How to get custom packaging for lithium-ion batteries certified

June 11, 2024

Since first being used in commercial devices in 1991, lithium-ion batteries have become ubiquitous. These powerful energy sources are used in everything from smartphones to electric vehicles. However, their potential for causing fires or explosions if not handled properly makes the certification of their packaging critically important. At Americase, we design our packaging based on each customer’s unique needs, while using our extensive regulatory, standards-setting, and testing expertise to ensure that the packaging is certified to the applicable UN packaging standard. to In this article, we will walk you through the essential steps involved in ensuring your custom packaging solutions for your lithium-ion batteries of products meet all regulatory requirements and maintain the highest safety standards.

Understanding Regulatory Requirements

To start, it’s vital to understand the regulatory landscape governing the transportation of lithium-ion batteries. Various organizations have established stringent regulations to ensure the safe transport of these materials, and Americase works hand in hand with regulatory agencies to add valuable insight. Here’s a breakdown of the key regulations you need to be aware of:

  • International Air Transport Association (IATA) Dangerous Goods Regulations (DGR): These regulations govern the transport of lithium-ion batteries by air. Compliance with IATA DGR is mandatory for shipping batteries via any air carrier.
  • International Maritime Dangerous Goods (IMDG) Code: This code regulates the sea transportation of hazardous materials, including lithium-ion batteries.
  • Department of Transportation (DOT) Regulations: Within the United States, the DOT oversees transportation regulations through the Hazardous Materials Regulations (HMR). These regulations cover all modes of transportation within the country.
  • United Nations (UN) Model Regulations: The UN Model Regulations provide a standardized framework for the global transport of dangerous goods, including lithium-ion batteries. These regulations ensure consistency across international borders.

Adhering to these regulations is not just a legal requirement; it is essential for the safety of everyone involved in the transportation process. Non-compliance can result in severe penalties and pose significant safety risks. Organizations such as the Federal Aviation Administration keep track of incidents involving hazardous materials, with the FAA specifically tracking lithium-ion-related incidents and publishing the results.

Why Standards-Driven Design Matters

Even taking the quickest of trips through a list of lithium-ion-related incidents clarifies why it’s so important to be compliant with all regulations. Common sense simply isn’t enough, as anyone involved in handling and transporting dangerous goods will tell you. Safety, economics, and even life itself may be on the line. That’s why the packaging and storage specifications for lithium-ion batteries are so stringent and so precise.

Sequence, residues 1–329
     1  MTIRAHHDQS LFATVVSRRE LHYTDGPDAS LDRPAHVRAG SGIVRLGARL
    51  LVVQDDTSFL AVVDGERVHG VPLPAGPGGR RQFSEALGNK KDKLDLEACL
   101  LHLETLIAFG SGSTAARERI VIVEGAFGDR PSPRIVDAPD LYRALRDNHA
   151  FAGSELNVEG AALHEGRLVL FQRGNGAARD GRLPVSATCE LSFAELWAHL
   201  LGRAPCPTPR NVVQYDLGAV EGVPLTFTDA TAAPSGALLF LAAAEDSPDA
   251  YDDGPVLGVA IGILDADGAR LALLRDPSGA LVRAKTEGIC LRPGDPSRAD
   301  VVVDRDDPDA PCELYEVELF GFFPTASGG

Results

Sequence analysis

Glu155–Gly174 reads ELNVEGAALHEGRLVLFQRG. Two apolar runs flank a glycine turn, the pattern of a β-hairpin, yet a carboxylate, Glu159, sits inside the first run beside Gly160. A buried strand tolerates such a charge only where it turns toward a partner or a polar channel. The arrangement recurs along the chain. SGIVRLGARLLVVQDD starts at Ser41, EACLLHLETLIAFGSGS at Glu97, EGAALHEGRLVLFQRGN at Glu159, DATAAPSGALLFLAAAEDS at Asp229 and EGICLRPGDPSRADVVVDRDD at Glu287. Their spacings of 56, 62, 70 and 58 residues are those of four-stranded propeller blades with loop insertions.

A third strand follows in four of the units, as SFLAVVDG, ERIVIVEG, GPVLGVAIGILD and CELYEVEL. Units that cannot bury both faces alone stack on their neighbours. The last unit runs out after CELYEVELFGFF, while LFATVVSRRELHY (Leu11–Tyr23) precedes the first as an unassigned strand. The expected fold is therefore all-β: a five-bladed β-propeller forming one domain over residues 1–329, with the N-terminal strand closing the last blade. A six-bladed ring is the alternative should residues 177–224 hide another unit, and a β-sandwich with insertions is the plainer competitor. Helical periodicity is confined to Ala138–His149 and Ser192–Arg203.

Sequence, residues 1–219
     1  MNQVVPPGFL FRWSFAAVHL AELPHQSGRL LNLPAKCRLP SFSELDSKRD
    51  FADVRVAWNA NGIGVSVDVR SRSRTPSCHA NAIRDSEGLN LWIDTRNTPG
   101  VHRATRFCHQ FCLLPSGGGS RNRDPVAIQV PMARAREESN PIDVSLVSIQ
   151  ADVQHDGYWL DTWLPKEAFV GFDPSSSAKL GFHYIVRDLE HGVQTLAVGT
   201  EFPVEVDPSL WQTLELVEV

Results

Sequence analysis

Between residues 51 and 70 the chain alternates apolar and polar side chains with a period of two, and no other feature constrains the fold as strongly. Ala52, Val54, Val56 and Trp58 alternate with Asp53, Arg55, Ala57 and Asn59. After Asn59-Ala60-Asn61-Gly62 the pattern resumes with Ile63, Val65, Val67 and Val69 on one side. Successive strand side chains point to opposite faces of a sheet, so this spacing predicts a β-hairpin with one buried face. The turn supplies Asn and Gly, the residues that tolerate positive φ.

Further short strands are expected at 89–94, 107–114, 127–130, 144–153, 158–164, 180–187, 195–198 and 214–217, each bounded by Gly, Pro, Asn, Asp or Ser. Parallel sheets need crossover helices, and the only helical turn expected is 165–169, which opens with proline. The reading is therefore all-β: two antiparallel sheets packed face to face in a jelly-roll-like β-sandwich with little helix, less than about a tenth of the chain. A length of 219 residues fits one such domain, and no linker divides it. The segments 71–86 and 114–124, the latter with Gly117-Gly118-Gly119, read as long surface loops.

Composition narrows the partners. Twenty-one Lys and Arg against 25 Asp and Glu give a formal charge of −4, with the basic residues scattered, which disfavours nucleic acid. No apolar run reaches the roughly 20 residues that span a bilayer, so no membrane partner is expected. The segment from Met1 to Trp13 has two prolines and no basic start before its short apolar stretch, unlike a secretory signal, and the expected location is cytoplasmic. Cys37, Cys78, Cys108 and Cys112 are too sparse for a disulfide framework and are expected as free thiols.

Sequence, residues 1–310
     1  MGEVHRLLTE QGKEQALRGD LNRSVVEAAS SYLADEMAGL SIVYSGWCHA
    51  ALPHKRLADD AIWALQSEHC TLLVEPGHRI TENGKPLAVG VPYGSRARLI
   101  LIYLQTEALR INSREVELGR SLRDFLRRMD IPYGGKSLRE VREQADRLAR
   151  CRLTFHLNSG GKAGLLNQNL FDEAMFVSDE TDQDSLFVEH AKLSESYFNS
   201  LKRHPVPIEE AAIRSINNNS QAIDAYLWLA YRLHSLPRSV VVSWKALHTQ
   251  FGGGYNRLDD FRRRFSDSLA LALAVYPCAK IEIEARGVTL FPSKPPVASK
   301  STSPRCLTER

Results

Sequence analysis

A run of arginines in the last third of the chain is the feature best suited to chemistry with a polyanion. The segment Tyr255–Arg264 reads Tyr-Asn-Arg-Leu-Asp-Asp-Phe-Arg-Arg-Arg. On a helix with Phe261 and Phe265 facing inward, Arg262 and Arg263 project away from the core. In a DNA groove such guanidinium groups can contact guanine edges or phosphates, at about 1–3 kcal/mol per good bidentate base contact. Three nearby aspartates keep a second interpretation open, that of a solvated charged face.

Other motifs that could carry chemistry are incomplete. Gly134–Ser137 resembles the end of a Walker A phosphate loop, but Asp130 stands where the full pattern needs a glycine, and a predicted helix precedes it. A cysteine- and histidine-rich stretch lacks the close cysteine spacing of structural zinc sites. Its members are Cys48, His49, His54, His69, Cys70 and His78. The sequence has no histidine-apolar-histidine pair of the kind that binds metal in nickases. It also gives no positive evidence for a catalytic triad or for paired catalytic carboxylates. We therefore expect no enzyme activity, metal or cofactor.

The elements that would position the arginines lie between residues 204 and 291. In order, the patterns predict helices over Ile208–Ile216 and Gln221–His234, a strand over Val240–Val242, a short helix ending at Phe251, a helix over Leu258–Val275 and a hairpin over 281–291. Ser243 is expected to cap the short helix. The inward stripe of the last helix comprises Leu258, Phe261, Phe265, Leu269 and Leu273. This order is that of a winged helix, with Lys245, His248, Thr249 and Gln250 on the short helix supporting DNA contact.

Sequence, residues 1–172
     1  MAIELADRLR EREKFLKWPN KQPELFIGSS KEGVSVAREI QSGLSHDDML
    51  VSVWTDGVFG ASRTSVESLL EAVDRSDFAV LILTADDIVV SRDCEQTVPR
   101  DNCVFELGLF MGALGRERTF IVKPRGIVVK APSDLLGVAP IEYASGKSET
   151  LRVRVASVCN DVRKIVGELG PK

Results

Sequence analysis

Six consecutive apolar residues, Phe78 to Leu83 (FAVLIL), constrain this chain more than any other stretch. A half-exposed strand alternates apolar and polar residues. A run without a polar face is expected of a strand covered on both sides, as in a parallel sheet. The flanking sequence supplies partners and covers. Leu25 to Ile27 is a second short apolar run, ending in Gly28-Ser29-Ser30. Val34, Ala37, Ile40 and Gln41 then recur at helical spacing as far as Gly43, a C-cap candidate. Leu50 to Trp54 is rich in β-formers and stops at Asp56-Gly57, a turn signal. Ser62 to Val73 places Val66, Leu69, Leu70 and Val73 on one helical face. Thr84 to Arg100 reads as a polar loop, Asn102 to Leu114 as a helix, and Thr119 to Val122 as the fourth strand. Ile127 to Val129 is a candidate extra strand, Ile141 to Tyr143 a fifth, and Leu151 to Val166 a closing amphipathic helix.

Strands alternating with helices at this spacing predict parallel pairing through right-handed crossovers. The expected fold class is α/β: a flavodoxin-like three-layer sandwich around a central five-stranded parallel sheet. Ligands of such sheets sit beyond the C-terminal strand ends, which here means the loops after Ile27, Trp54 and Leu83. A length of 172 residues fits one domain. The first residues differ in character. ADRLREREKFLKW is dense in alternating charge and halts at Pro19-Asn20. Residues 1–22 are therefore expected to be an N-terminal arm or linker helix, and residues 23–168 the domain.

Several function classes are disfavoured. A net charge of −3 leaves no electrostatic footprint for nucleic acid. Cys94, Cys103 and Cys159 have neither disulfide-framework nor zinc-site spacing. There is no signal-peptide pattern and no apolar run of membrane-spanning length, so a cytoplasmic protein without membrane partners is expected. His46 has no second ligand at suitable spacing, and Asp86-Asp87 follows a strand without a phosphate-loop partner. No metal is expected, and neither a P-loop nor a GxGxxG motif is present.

The regulatory requirements must necessarily inform and guide the custom fabrication process. With our ongoing work with the UN and other regulatory agencies, Americase is intimately familiar with what it takes to create compliant, reliable containers that not only meet but exceed regulatory requirements. 

Says Americase CEO Robby Kinsala, “One of the things we do with every customer is ensure that they understand not only what the regulations are but why they are important. My team and I work directly with the United Nations to address both known and emerging challenges in lithium-ion safety,” he continues. “In this way, I believe we are able to give them more sophisticated, safer solutions and, ultimately, the peace of mind that comes with knowing that the company creating their custom containers has the deepest and most current possible knowledge.” 

Once the customer understands the regulatory requirements, the next step is designing packaging that meets not just regulatory standards but flawlessly meets the customer’s specific needs. In every case, the work involves creating packaging that strictly adheres to UN specifications. Let’s take a look at what those are.

Key Aspects of UN Specification Packaging

Broadly speaking, there are two main requirements the United Nation specifies for all lithium-ion packaging:

1. Robust Construction: The packaging must be constructed to endure the stresses of transport, including rough handling and environmental conditions.

2. Positive Outcomes on Performance Tests: The packaging must pass a series of performance tests to ensure its durability and reliability. These tests include:

  • Drop test: Packaging must withstand being dropped from a height of 1.2 meters (approximately 4.27 feet) without releasing its contents for regular, not damaged, batteries. For damaged batteries, the case needs to withstand 1.8 meters drop test.
  • Vibration test: The packaging must withstand vibrations that simulate transport conditions without any failures. 
  • Stacking test: The packaging must withstand a force applied to the top surface to the total weight of identical packages for 24 hours.

Designing packaging that meets these stringent standards ensures the safety of the lithium-ion batteries during transit and complies with international regulations.

Testing and Certification

After designing your packaging, the next crucial step is to get it tested and certified. This involves selecting a certified testing facility and going through a series of rigorous tests. At Americase, we  work with our in-house testing laboratory to subject all of our custom containers to rigorous testing and simulation, which gives our customers the advantage and ease of having one partner that can complete the entire process: from design to manufacture to testing to deployment. Our laboratory is fully accredited to conduct UN performance tests, with all of the expertise and equipment needed to ensure that custom lithium-ion battery packaging is compliant, durable, and safe. Testing involves three, equally important steps: